Mr. thalarctos and I drove around the Olympic Peninsula last weekend with Geobuddy--not the GeoBuddy GPS system that comes up when you google the term, but more of a Flat Stanley project for his young cousin back East.
We stopped at Kalaloch on the western Washington coast--here's the map, with the green arrow showing where we stopped:
I've never paid much attention to trees before, but hanging out at Pharyngula and Creek Running North has made me much more aware lately of the diversity and beauty of non-mammalian forms. So the trees registered in a way they never had before. It was just before sunset, so the light made their forms really stand out; the effect reminded me of a Maurice Sendak story.
You can see it a little bit in the long shot, but when you get closer, you can really see some strange shapes on the tree well:
I remember observing to Mr. thalarctos that it looked as if the trees had tumors. Sure enough, when I got home, I googled tree tumor, and got a ton of references. This old picture, from the year I was released :) (1958), shows a heavily-affected tree.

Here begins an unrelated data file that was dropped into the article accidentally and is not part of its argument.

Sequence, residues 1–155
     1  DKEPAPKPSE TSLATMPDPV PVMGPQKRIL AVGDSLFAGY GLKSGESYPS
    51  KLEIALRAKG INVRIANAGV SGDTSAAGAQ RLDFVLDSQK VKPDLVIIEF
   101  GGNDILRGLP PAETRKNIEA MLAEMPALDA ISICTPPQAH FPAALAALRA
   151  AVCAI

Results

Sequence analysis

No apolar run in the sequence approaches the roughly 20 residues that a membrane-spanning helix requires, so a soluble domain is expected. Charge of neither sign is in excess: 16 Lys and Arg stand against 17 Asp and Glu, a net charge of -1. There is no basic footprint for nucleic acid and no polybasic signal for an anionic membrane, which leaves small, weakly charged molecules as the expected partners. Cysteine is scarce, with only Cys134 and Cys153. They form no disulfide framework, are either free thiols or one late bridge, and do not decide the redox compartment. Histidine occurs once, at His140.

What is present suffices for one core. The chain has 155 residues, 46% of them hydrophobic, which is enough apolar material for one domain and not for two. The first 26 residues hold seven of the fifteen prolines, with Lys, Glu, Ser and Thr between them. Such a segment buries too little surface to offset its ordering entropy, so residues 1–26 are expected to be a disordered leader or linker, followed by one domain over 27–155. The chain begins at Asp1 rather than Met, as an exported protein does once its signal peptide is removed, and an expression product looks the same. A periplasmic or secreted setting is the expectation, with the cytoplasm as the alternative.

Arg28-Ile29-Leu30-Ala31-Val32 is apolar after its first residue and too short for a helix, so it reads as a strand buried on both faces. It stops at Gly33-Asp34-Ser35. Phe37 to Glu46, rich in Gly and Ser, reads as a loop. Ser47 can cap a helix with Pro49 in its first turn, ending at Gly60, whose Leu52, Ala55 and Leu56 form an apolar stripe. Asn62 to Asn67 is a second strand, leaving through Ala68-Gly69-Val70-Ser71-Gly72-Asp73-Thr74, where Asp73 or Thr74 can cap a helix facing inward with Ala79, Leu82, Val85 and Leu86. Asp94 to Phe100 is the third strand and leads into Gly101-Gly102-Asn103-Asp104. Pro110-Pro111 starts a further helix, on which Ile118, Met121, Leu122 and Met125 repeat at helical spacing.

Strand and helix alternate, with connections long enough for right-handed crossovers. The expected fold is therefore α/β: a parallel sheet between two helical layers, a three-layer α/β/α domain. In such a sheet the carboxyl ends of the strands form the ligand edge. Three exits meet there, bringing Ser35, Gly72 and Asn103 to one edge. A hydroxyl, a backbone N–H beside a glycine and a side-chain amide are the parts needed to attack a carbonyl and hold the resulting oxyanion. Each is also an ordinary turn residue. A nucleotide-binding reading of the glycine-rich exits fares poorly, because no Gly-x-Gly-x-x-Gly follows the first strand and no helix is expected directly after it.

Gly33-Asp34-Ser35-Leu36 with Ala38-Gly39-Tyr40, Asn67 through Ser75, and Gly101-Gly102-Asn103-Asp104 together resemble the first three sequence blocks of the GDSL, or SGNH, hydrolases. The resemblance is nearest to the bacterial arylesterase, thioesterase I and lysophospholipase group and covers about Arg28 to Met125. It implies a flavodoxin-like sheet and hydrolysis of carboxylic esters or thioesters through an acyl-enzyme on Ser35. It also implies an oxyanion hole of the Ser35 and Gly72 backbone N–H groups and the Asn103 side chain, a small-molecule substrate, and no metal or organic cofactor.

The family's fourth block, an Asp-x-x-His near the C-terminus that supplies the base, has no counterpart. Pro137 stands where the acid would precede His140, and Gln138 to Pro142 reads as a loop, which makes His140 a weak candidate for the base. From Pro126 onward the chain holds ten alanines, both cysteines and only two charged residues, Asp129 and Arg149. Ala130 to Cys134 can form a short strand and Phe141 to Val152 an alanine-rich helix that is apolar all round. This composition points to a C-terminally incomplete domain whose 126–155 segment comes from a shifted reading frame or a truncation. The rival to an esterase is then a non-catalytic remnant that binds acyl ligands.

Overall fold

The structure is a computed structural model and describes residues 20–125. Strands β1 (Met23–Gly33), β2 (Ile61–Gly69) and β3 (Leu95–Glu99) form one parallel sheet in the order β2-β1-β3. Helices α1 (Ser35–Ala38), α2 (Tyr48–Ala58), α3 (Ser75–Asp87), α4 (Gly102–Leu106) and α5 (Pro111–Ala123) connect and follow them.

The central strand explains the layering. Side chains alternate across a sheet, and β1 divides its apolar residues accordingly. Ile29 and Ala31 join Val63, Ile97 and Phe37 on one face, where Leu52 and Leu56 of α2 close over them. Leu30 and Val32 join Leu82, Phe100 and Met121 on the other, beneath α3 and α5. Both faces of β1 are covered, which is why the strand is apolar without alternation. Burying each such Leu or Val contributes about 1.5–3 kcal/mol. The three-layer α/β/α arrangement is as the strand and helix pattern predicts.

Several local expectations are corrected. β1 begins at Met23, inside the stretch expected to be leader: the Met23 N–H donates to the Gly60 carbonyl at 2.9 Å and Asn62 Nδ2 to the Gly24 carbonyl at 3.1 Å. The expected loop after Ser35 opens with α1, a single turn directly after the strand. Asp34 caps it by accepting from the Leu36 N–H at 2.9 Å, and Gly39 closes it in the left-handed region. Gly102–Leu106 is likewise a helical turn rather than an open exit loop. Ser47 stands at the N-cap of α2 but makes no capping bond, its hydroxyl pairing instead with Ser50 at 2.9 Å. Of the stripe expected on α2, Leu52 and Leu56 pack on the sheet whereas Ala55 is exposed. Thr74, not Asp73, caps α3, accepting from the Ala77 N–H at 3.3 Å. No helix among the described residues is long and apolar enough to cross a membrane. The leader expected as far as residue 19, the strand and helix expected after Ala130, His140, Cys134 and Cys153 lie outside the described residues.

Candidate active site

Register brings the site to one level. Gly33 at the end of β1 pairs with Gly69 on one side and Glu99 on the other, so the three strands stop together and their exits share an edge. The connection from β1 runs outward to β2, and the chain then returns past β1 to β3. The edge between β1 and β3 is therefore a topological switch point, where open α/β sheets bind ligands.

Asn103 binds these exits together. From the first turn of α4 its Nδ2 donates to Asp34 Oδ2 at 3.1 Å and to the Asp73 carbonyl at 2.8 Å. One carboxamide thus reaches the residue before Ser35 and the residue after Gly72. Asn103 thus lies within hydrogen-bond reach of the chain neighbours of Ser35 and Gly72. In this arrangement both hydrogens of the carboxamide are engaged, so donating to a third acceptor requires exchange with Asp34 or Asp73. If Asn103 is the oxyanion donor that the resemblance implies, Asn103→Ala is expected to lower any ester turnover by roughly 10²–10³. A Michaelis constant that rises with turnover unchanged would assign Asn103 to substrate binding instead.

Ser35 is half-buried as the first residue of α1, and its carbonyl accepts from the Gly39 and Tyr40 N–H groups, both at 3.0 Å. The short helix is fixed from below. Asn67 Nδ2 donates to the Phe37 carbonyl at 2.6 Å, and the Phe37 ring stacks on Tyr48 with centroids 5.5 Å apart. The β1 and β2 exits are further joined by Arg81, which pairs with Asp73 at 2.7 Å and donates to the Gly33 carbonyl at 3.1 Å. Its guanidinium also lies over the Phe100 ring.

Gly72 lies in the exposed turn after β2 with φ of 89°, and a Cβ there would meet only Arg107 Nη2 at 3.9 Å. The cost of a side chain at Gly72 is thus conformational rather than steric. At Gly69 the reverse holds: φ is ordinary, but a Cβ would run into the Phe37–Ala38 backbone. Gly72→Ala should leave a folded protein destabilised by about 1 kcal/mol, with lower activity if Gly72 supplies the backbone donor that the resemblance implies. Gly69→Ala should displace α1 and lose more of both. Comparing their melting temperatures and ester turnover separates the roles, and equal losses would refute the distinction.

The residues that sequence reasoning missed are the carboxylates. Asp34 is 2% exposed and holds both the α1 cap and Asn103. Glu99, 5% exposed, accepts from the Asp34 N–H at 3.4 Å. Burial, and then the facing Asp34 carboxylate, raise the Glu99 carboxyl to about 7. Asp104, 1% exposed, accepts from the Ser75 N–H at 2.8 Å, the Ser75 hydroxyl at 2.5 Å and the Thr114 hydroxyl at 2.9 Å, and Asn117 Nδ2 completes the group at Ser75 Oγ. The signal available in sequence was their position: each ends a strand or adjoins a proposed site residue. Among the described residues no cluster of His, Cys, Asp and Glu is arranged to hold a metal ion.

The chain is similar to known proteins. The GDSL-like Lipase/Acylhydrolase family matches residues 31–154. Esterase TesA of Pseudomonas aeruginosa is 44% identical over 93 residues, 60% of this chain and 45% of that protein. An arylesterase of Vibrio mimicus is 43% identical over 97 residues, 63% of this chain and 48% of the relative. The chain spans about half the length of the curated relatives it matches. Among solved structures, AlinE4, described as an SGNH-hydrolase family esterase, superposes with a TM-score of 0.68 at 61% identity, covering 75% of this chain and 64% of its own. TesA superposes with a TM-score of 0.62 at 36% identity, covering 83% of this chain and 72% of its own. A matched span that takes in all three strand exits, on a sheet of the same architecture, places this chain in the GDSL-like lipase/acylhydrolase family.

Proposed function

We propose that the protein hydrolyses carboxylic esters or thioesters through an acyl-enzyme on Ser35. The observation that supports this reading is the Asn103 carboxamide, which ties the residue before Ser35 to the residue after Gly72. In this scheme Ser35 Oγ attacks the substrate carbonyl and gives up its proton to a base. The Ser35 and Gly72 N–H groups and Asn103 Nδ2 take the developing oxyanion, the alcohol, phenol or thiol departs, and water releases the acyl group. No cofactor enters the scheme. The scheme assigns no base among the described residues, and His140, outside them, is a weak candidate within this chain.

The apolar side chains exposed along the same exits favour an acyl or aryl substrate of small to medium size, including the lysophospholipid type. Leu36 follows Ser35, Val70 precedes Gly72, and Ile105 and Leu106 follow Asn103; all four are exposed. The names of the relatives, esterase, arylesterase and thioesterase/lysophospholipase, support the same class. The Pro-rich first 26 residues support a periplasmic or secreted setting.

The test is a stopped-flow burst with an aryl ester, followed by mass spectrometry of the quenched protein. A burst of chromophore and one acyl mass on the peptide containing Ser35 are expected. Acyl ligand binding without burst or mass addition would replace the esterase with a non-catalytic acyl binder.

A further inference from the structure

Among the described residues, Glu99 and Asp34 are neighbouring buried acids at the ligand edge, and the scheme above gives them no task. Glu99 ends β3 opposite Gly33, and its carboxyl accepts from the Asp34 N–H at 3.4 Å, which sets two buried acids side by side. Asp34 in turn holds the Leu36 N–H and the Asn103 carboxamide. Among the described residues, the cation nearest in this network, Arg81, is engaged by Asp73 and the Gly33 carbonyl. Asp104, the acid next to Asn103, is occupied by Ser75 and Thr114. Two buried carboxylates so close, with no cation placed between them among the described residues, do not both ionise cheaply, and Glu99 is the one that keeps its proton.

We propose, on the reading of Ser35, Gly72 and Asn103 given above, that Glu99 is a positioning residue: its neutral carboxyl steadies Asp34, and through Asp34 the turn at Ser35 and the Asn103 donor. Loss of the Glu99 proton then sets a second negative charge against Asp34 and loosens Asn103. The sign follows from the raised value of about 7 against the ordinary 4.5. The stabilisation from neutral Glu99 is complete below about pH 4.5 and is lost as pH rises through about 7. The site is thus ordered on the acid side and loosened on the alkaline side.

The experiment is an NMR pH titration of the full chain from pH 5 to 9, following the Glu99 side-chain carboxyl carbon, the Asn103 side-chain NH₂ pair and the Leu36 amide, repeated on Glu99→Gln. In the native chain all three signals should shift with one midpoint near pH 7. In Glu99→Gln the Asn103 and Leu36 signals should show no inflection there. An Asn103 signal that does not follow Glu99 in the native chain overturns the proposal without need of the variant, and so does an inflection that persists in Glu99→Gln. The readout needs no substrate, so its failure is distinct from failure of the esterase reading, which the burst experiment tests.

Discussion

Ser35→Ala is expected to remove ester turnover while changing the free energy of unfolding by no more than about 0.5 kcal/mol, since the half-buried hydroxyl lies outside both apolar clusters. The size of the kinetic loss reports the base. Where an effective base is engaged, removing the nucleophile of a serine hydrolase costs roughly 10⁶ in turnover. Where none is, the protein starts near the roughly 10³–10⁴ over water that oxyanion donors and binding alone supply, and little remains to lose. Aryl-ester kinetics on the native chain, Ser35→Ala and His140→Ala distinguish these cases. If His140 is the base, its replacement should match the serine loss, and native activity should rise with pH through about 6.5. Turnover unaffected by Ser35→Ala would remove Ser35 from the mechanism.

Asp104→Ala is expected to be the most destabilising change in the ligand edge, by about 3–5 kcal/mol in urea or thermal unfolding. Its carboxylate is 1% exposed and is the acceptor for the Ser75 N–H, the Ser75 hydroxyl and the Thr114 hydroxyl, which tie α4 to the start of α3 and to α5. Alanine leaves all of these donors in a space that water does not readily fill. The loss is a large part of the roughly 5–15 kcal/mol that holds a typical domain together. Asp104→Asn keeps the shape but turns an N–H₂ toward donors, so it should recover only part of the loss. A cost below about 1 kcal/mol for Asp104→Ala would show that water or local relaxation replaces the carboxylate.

From: White PR. A Tree Tumor of Unknown Origin. Proc Natl Acad Sci U S A. 1958 Apr;44(4):339-44.
To my untrained and mammal-centric eye, this looked very much like the trees at Kalaloch. But I also came across references to tree galls, which seem to be a reaction to insects, and burls, which I am not sure about. And the article the picture came from seems to use "tumor" as a superset of "gall", while other sources seem to distinguish them from another.
All in all, a delightful puzzle to figure out over the next couple of weeks. And if anyone has any insights or clarification into what is going on with these trees, and with tree neoplasms in general, I'd be very interested in hearing about it.